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Security Research

A Look At Recent Tinba Banking Trojan Variant

July 05, 2015 - 4 min read

Tinba is information stealing Trojan. The main purpose of the malware is to steal information that could be browsing data, login credentials, or even banking information. This is achieved through code injection into system process (Winver.exe and Explorer.exe) and installing hooks into various browsers like IExplorer, Chrome, Firefox and Opera.

Tinba has been known to arrive via spammed e-mail attachments and drive-by downloads.  Recently, Angler Exploit Kit instances were also found to be serving Tinba banking Trojan.

Detailed Analysis of Tinba

Tinba is packed with a custom packer and uses well known anti-debugging technique using the WinAPI function “IsDebuggerPresent” to hinder reverse engineering of the binary image. The execution flow of the infection cycle for Tinba is shown below.
Execution flow of Tinba

The image below shows the custom packer code being used by the Tinba sample we were looking at.

Tinba unpacking Routine
The unpacked binary image is shown below which upon execution will perform code injection into system processes like Winver.exe and Explorer.exe.

Unpacked Binary
It generates Mutex name using root volume information of the victim’s machine as shown below.
Mutex name generation
Remote Thread in System Process
A remote thread is created inside Explorer process that is responsible for creating a copy of Tinba Binary in %APPDATA% & auto start registry entry in Registry hive.
Explorer remote thread
The Tinba binary is stored in a hidden folder which is created under %APPDATA% directory:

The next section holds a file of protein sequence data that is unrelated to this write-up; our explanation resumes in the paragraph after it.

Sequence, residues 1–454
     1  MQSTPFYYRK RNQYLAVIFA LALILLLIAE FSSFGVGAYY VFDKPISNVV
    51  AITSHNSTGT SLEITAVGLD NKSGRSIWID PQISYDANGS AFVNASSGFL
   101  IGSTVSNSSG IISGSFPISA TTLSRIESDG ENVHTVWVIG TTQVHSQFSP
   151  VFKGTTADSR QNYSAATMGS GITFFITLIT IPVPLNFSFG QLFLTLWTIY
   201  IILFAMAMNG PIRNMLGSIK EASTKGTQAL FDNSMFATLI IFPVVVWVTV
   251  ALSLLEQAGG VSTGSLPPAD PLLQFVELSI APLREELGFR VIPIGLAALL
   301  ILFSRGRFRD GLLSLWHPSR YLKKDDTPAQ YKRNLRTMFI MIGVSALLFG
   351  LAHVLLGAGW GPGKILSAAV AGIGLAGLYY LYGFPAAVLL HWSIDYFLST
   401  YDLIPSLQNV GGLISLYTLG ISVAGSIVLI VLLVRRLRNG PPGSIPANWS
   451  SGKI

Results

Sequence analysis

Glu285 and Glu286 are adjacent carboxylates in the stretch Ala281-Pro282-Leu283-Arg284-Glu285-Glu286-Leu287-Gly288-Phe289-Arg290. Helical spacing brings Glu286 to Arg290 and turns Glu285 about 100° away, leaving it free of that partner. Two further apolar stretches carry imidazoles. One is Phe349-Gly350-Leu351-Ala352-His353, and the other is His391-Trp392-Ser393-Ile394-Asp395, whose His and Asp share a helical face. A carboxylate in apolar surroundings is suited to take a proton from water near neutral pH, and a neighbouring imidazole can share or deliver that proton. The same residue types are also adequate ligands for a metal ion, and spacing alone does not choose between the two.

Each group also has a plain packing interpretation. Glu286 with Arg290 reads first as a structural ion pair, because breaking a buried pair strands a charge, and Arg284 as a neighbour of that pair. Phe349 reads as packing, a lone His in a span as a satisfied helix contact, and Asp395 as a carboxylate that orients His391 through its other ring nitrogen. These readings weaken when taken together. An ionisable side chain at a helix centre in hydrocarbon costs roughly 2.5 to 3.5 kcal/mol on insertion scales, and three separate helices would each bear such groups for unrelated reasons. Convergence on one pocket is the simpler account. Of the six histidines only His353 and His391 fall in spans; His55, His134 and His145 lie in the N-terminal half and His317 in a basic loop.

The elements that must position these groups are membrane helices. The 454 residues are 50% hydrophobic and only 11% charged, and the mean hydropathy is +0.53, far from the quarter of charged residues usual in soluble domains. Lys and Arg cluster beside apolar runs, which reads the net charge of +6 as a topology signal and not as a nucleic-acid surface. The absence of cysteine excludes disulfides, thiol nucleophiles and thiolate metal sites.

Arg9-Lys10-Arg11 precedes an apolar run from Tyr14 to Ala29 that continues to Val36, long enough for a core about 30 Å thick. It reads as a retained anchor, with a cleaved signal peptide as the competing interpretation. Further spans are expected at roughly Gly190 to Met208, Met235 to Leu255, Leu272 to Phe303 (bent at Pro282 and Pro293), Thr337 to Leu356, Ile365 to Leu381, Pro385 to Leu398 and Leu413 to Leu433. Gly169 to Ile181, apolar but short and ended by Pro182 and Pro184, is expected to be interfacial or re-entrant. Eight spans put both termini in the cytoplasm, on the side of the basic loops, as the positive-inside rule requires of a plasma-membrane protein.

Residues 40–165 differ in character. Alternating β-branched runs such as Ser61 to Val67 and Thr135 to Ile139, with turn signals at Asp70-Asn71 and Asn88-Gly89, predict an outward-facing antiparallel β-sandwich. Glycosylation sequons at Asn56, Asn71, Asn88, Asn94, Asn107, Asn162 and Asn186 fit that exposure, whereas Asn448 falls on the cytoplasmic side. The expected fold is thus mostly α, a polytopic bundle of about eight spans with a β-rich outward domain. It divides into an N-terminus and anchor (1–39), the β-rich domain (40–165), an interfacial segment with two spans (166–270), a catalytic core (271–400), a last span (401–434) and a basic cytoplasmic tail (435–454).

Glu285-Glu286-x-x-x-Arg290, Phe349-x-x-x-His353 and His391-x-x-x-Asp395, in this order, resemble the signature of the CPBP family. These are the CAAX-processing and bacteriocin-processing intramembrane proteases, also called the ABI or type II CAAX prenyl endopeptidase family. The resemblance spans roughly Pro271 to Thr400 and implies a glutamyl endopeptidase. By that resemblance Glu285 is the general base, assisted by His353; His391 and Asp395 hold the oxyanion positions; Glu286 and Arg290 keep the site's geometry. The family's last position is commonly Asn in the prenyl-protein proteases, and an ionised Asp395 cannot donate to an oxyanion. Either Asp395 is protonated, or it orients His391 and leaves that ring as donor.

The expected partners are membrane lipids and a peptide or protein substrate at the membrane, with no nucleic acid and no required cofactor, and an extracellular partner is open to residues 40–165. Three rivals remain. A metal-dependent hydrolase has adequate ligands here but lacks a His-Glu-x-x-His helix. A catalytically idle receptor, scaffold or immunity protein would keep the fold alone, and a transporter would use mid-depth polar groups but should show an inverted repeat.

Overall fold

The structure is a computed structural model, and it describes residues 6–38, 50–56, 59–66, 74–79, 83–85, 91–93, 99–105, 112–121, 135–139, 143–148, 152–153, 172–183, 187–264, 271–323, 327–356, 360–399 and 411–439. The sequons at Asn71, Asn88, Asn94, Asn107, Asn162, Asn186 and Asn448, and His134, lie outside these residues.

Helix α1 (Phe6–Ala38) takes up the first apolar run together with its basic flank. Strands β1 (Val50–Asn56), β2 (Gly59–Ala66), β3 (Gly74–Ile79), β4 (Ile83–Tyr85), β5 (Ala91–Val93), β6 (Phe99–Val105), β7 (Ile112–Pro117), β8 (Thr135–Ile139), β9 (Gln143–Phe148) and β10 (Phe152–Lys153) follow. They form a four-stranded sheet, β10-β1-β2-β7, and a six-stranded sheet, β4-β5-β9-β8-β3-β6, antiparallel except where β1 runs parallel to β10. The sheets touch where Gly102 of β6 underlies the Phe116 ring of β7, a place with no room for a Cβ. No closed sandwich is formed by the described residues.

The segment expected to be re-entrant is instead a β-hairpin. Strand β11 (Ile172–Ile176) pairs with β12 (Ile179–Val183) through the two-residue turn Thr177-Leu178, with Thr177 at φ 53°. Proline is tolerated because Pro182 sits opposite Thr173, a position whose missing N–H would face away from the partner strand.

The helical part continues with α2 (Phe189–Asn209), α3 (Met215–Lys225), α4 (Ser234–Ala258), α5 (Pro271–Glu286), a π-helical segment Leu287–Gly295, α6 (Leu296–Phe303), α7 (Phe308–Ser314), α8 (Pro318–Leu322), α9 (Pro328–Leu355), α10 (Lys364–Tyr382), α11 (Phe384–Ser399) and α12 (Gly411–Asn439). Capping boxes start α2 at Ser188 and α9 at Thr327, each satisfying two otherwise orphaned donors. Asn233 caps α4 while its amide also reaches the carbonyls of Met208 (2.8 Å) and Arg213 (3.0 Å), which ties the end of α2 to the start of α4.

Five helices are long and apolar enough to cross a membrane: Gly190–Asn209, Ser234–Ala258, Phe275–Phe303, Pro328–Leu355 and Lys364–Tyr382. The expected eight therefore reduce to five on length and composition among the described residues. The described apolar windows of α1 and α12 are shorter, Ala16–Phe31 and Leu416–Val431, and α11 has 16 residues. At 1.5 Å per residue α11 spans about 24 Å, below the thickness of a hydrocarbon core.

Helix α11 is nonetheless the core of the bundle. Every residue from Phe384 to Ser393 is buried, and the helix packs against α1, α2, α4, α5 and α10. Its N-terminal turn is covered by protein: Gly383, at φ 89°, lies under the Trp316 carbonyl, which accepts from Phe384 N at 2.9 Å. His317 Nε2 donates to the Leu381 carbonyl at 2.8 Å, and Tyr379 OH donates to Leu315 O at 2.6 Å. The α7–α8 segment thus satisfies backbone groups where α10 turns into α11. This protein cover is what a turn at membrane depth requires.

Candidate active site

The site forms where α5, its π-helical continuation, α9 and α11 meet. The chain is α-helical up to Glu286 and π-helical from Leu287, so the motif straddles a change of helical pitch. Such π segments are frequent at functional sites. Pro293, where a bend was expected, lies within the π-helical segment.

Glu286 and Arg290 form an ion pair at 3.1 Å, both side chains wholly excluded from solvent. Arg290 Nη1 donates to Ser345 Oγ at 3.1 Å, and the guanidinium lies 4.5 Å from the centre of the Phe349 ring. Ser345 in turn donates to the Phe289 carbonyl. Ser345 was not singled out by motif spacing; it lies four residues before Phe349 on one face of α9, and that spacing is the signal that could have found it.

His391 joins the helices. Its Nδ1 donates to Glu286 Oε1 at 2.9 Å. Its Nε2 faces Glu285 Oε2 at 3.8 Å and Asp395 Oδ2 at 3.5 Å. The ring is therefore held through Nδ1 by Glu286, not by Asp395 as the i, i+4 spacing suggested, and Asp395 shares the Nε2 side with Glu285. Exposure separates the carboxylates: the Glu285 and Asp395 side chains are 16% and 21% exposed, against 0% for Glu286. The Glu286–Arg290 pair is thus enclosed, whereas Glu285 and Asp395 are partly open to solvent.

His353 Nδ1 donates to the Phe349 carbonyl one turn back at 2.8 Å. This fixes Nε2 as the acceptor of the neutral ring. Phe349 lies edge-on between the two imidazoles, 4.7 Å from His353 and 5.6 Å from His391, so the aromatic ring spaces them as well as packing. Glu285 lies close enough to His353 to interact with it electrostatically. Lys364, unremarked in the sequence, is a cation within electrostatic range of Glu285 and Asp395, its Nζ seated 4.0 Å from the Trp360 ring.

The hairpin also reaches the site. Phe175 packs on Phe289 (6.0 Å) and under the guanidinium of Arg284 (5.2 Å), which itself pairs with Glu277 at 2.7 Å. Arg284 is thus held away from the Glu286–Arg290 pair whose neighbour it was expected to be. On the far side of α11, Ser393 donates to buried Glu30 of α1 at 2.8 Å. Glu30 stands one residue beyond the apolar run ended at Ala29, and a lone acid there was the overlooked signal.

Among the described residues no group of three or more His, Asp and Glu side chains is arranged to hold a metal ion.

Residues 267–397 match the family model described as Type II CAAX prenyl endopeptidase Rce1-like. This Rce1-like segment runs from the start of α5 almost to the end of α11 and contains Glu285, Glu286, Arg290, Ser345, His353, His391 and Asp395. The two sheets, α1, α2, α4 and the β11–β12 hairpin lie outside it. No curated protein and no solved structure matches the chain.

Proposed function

C:\Documents and setting \username \Application Data\mutexname\bin.exe
It also creates an auto-run registry entry to execute Tinba binary during every windows start-up as shown below:

Auto start registry entry

Another thread is also created in Explorer process which is responsible for generating DGA (Domain Generation Algorithm) domains and injecting code into browsers like IExplorer, Chrome, Firefox and Opera.
Explorer local thread
Domain Generation Algorithm

The following is the Domain Generation Algorithm (DGA) used by Tinba variant where every sample uses a hardcoded domain and seed to generate the DGA domains.
DGA routine  
Hardcoded Domain and seed
These DGA domains are fast flux domains where single domain is frequently switched to different IPs by registering it as part of the DNS A record list for a single domain.

Remote Thread in browsers

The Explorer thread searches for browser process either by checking path of the browser executable or by loaded application specific DLL (e.g. NSS3.dll for firefox.exe). If the targeted browser process is found, then the secondary thread is created in the process.
Browser thread
This thread is responsible to get updated Bot configuration details like Target URL list and strings (BOTUID ) from a remote C&C server. If there is no updated list of target URLs from C&C server, then it uses default targeted list of URLs which is stored in the injected code. The list of default target URLs after decryption is shown below.
Default Targeted URL list
The collected information form webmail, social media and the banking sites are stored in "log.dat" file.
Log file path
C&C communication & Cryptography:
The POST request to C&C server contains encrypted system information like system volume & version information.  The cryptography routine is a simple byte 'XOR' with an 8 bit 'ROR' of the key after each write. 
Send Data Encryption

A sample Tinba POST request to DGA domains with 157 bytes of encrypted data is shown below.
C&C POST Request
Geo distribution of C&C call back attempts that we blocked in past one month:
Geo Location
We have seen following C&C server IP addresses: Conclusion:
     Tinba also known as small banking Trojan continues to be prevalent in the wild.  The arrival method varies from e-mail spam, drive-by downloads and most recently Exploit Kit infection cycle. Zscaler ThreatlabZ is actively monitoring this malware family and ensuring coverage for our customers.
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Thank you for reading

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